What does an inclusive workplace look like, and how can you build one?
An inclusive workplace is one that values and welcomes diversity, collaboration, and accountability. At Juno, whether Live Online or In-Person, we're dedicated to making a safe space for everyone to be heard, be challenged, and be their true selves. We’re honoured to always be learning and improving from the individual experiences and knowledge of our team, our students and alumni, and the larger tech community.
There are many ways you can make your workplace a more inclusive space for your team and your community - we've written a checklist here with some ideas, including these 5 ways to get started:
1. Ask your team to share their gender pronouns and preferred name
It’s important to remember that you cannot tell what a person’s gender pronouns are based on their name or appearance. Whether you’ve hired a new team member or you’re simply looking to update your team’s inclusive practices, include the option to indicate what gender pronouns they use (she/her, he/his, they/them, etc.), as well as what name they prefer to go by, in case it’s different from their legal name.
A great starting point is asking your team to include their gender pronouns in their company email signatures, Slack usernames, Zoom usernames, and social media bios. If you're onboarding someone new, make sure everyone includes their pronouns in addition to their names and roles during your intros!
2. Make your washrooms gender-inclusive
Gender-inclusive washrooms can be used by someone of any gender. It's important not to police people on which washrooms they should use, and to create a space where using a public washroom is not a stressful or anxious experience (e.g. for trans and/or gender non-conforming people).
At Juno, we recently renovated our downtown Toronto campus to include six single-stall washrooms, including one that is fully accessible. We ensure that our signage indicates that the washrooms are for all genders, and we include information as to which ones contain urinals and/or stalls.
3. Make your building accessible and include accessibility information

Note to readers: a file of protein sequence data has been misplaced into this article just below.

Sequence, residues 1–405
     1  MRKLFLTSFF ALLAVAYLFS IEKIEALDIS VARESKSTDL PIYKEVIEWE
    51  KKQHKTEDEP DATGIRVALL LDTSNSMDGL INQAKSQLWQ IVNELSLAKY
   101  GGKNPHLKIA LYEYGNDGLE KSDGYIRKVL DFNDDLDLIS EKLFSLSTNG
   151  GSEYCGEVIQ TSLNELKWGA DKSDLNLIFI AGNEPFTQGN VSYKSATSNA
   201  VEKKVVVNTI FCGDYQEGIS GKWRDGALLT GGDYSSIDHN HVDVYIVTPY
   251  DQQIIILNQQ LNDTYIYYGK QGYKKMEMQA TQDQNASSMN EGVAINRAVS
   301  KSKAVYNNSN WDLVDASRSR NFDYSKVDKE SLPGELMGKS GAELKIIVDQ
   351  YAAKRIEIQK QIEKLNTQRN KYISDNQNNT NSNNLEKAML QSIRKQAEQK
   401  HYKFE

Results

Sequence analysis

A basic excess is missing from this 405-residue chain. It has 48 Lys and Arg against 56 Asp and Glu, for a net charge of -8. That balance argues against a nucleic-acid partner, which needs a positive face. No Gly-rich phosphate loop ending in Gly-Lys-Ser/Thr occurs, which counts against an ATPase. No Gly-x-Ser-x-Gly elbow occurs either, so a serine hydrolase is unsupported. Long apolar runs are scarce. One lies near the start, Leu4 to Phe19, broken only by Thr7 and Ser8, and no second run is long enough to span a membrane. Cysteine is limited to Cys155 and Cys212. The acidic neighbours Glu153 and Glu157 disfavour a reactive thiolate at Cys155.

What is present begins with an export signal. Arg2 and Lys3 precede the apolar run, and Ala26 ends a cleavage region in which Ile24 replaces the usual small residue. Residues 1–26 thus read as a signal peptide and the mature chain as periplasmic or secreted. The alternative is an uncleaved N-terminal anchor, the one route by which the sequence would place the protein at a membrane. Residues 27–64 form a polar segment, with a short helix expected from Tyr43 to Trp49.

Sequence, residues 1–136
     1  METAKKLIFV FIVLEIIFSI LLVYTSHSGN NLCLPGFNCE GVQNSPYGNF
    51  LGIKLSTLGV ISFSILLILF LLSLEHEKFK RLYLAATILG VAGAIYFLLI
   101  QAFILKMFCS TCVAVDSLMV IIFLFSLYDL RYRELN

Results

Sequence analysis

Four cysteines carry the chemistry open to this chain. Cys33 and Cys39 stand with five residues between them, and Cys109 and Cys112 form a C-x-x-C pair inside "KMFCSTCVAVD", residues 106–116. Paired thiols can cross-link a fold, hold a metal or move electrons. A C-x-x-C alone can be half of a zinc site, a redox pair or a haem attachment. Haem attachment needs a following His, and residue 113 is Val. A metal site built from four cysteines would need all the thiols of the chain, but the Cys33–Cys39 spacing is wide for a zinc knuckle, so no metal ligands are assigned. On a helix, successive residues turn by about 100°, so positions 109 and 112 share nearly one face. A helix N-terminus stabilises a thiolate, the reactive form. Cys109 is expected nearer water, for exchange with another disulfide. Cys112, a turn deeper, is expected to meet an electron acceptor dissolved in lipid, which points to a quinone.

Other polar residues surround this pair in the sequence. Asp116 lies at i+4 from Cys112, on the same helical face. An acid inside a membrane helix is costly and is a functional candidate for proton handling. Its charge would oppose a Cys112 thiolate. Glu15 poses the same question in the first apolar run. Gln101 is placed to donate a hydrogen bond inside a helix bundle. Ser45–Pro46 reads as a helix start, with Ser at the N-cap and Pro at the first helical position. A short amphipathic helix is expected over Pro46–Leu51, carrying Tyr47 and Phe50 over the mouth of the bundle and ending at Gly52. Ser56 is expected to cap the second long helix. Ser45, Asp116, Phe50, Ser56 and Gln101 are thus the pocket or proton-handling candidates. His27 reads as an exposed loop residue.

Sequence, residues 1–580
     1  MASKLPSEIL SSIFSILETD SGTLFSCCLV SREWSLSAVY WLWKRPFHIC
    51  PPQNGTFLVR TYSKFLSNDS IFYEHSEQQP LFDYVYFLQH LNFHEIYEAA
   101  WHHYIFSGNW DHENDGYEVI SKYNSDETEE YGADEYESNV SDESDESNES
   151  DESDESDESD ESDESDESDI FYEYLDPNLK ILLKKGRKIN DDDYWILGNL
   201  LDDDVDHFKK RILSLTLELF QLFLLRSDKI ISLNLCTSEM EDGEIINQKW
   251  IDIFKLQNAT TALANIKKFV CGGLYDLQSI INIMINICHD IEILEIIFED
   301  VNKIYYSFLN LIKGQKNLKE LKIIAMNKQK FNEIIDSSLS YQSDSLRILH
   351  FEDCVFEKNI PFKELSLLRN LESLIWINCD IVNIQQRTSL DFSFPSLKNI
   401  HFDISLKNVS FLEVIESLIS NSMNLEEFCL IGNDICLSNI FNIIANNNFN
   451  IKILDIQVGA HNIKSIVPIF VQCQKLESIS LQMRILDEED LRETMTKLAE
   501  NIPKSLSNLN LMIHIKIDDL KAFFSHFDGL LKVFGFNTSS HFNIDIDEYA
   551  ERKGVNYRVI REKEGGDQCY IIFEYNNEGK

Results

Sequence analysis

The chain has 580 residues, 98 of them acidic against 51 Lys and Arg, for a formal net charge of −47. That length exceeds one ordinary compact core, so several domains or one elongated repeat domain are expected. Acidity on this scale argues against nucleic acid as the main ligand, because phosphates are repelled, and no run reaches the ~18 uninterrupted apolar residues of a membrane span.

When Juno founder and CEO Heather Payne chose our downtown Toronto campus at 483 Queen Street West, it was integral that the space was accessible for people with physical disabilities.
Make sure your space utilizes ramps and elevators where needed, has wide doorways/hallways, and accessible washrooms.
When holding events in your space, include accessibility information in the event description. This can include accessibility details relating to:
- Steps and/or ramps
- Widths of doorways, hallways, and/or elevators
4. Share your job postings widely, and consider hiring remote roles
When hiring at your company, make sure to share your job postings publicly on a wide variety of platforms. Casting a wider net means you'll get a more diverse pool of applicants who you may not have otherwise come across if you shared your job posting internally. You may be surprised and delighted at who you find!
COVID-19 has changed the work landscape in many ways - one major way includes how many of us have shifted to working remotely. Even as we ease into a new "normal," we should consider hiring remote roles when applicable, as this opens up opportunities to those with or without disabilities to apply despite any physical barriers in your workplace (e.g. if your workplace is not wheelchair-accessible) or other barriers to doing in-person work (e.g. commute, staying at home with family, etc.).
5. Be flexible and open to feedback
Last but not least, be flexible and accommodating to the diverse lifestyles and needs of your team. Create regular and different kinds of opportunities for everyone to openly and comfortably provide feedback. At Juno, our founder and CEO Heather Payne holds monthly "Ask Me Anything" meetings that the team is welcome to participate in, as well as submit their questions/feedback in advance either anonymously or with their name included.
Remember that it’s okay to make mistakes and receive criticism, but how you respond is of the utmost importance. Listen with empathy and care, and reflect on actionable ways to respond and improve. Hold each other accountable and communicate what measures the company is taking to ensure a more inclusive workplace, as well as what part each team member has to play individually.
Looking for more tips?
Download our Inclusive Workplace checklist for more ideas on how to build a more inclusive workplace!
This is all just a start to what you can do - remember that this work doesn't happen overnight, nor is it ever "done" - rather, it is a company-wide, ongoing commitment to ensuring everyone feels accepted, valued, seen, and heard!